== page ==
Thanks to Georgia’s petulant refusal to expand their Medicaid programs, yet another rural hospital will be closing it’s doors. That brings Georgia up to four closed hospitals in just two years, as reported by the Albany Herald, and the number is ever-increasing. Many hospitals that serve mostly poor and uninsured patients are closing up shop simply due to their states refusal of the ACA Medicaid expansion.
The Lower Oconee Community Hospital, a 25 bed “critical access” facility in southeastern Georgia, will shut down and potentially re-open as an urgent care center that will provide watered-down services that don’t justify a trip to the emergency room. Wheeler County residents will now need to travel up to thirty miles to receive more extensive treatments. Pretty sad considering one in four people in Wheeler County is uninsured. Not to mention one in ten residents are unemployed and over 40 percent of their children live in poverty. But if those children don’t want to live in poverty, they should just tell their parents to get a better job, right? Because clearly that’s the solution.
In an interview with local CBS affiliate WMAZ, CEO Karen O’Neal said,
“We just did not have sufficient volume to support the expenses. It’s a terrible situation, and it’s tragic, the loss of jobs and the economic impact.”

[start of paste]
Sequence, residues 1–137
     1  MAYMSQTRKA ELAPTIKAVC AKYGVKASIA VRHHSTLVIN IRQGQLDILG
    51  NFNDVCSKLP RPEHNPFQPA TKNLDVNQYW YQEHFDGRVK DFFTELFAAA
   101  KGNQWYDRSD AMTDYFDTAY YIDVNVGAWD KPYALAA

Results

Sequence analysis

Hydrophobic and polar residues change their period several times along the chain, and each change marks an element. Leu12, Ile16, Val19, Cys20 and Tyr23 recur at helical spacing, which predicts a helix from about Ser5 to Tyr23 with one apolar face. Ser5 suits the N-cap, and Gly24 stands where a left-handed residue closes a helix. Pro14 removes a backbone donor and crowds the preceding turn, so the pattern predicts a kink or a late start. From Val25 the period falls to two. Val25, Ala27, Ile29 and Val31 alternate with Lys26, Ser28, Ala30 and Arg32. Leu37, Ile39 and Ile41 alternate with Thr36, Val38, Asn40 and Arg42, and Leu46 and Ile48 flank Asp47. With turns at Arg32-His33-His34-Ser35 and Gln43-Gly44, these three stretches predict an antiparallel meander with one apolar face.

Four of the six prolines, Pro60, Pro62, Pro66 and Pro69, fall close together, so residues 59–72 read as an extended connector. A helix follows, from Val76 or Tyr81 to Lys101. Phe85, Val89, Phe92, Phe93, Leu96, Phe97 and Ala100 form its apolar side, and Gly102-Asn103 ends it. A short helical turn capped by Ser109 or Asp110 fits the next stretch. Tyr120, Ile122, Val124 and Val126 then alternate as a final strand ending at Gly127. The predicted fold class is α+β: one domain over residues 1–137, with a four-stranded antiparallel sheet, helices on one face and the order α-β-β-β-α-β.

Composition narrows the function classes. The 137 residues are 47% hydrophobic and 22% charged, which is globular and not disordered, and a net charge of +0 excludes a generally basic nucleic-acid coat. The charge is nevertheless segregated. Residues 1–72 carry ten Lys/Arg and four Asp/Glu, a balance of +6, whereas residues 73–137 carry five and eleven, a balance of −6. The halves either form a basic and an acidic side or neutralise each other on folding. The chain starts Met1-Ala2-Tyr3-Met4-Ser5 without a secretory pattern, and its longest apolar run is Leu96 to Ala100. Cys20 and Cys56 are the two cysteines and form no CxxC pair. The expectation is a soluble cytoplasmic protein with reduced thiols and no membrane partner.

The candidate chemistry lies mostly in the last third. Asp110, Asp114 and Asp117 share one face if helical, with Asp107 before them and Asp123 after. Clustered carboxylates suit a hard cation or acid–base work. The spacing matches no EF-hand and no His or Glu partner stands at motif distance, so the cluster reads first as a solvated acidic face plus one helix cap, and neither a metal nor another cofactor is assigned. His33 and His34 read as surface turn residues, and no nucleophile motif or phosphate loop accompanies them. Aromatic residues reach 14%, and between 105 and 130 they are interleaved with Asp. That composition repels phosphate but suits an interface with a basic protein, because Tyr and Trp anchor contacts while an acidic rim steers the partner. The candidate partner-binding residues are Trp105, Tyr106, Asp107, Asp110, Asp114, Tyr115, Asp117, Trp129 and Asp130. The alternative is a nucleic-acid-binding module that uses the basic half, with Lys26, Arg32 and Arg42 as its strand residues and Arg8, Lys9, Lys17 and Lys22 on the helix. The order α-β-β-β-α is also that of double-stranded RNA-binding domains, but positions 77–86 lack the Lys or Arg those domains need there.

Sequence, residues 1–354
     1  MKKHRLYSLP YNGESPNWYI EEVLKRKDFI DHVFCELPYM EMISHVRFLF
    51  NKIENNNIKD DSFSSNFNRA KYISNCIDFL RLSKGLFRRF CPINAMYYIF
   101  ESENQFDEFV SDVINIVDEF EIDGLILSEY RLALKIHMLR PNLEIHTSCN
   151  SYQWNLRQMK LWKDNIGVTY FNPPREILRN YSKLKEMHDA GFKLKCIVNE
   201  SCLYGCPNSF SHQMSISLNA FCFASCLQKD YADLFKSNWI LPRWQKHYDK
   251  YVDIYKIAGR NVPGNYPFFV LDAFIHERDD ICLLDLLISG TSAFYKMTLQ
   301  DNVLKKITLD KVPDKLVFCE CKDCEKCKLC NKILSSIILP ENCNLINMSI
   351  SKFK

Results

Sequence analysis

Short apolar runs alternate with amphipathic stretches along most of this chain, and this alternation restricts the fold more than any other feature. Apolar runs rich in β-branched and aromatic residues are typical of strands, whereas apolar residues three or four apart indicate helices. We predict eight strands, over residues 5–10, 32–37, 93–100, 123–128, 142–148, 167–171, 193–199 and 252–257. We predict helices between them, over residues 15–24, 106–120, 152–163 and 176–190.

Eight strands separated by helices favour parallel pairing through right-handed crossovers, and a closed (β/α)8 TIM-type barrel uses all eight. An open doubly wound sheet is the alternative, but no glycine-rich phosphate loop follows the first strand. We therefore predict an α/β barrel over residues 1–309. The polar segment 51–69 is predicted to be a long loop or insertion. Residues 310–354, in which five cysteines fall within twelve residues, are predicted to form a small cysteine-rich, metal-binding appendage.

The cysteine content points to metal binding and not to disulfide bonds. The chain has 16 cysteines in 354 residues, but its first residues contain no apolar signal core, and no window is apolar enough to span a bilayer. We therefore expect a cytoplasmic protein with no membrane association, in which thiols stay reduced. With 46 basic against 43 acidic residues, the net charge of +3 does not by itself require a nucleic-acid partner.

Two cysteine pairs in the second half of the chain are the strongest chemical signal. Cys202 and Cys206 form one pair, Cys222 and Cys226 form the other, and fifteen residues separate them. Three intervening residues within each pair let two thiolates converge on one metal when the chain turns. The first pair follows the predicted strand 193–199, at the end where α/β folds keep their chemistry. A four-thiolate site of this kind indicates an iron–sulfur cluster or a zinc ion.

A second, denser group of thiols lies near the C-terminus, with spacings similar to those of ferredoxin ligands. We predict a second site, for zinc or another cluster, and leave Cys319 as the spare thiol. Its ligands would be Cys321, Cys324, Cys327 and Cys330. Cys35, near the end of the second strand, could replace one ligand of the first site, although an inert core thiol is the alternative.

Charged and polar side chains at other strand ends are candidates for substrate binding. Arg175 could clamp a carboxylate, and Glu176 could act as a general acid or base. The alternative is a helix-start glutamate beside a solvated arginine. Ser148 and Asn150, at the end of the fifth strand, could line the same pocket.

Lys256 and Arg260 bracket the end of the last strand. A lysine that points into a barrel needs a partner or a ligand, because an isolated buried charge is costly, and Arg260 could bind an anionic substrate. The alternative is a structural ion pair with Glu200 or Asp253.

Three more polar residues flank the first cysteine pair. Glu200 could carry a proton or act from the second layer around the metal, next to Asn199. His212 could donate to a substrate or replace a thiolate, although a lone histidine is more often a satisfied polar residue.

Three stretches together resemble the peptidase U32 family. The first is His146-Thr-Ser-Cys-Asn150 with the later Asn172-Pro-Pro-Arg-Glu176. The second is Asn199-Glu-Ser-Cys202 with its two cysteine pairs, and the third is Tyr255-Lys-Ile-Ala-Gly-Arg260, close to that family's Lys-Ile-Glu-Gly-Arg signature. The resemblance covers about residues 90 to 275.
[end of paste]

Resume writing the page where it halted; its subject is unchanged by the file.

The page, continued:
Last fall, Bloomberg reported that at least five public hospitals, three in Georgia alone, were cutting staff and reducing services due to their refusal to expand the state’s Medicaid program. These hospitals are referred to as “Disproportionate Share Hospitals” because they serve a disproportionate number of poor and uninsured residents. Because of this, these facilities don’t always receive payments for the care they administer.
Approximately five million working poor Americans living in states refusing President Obama’s Medicaid expansion will fall into a coverage gap where they make too much money to qualify for existing state Medicaid programs, but too little money to qualify for the insurance subsidies of the Affordable Care Act. And, surprise-surprise, 500,000 Americans in this coverage gap are Georgia residents. Way to go, Georgia.